That is up there quite a bit. But if you're patient few years, and live high enough above sea level, it will become more tropical.

        30 years ago I made jokes about Club Frobisher. Frobisher Bay is in the Canadian arctic.

      • by TWX (665546)

        We have no Daylight Savings Time here, and I see no reason for DST's existence. Things work out just fine here.

        I always liked the quote about cutting the end off of a blanket, sewing it to the other end of the blanket, and claiming to have improved it.

      • Re:None of the above (Score:4, Interesting)

        by MaXintosh (159753) on Wednesday September 07, 2011 @11:57AM (#37328186)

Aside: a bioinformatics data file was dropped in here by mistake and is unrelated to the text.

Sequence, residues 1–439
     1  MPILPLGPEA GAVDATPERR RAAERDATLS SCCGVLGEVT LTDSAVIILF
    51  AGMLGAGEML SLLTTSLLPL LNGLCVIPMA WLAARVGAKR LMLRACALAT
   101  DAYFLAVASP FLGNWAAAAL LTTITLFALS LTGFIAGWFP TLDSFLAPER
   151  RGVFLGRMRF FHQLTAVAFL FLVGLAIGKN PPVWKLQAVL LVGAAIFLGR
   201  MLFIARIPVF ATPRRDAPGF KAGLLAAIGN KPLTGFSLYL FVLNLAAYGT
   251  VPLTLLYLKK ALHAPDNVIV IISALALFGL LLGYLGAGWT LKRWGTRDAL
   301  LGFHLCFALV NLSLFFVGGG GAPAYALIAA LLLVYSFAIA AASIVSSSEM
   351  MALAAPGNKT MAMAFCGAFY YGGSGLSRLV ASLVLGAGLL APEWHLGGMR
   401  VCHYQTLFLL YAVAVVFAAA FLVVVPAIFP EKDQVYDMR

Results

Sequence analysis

Fun fact: Most of Alaska should be one or two timezones behind where they are. The state is UCT -9. Geographically, every non-SE part should be UCT -10, -11 or ±12. But since time is so screwed up in the state's non SE-bits (Either endless light or pretty much none, with rapid changes between the two), UCT -9 works in a pinch. Of course that fact underlines how useless DST is in the north.

        Okay, I lied. That fact wasn't even slightly fun.
      • by Kittenman (971447)

        I want to live several timezones to the south! Oh, wait.

        My sentiments entirely. A few hours flight south would be nice, especially during the winter months. We're much too close to the arctic circle for comfort (we're about 62.5N).

        I live in the Southern hemisphere, you insensitive clod!

      • by Rei (128717)

        I wish I lived around 64N. Anyone here have any laus störf for programmers around that latitude? ;)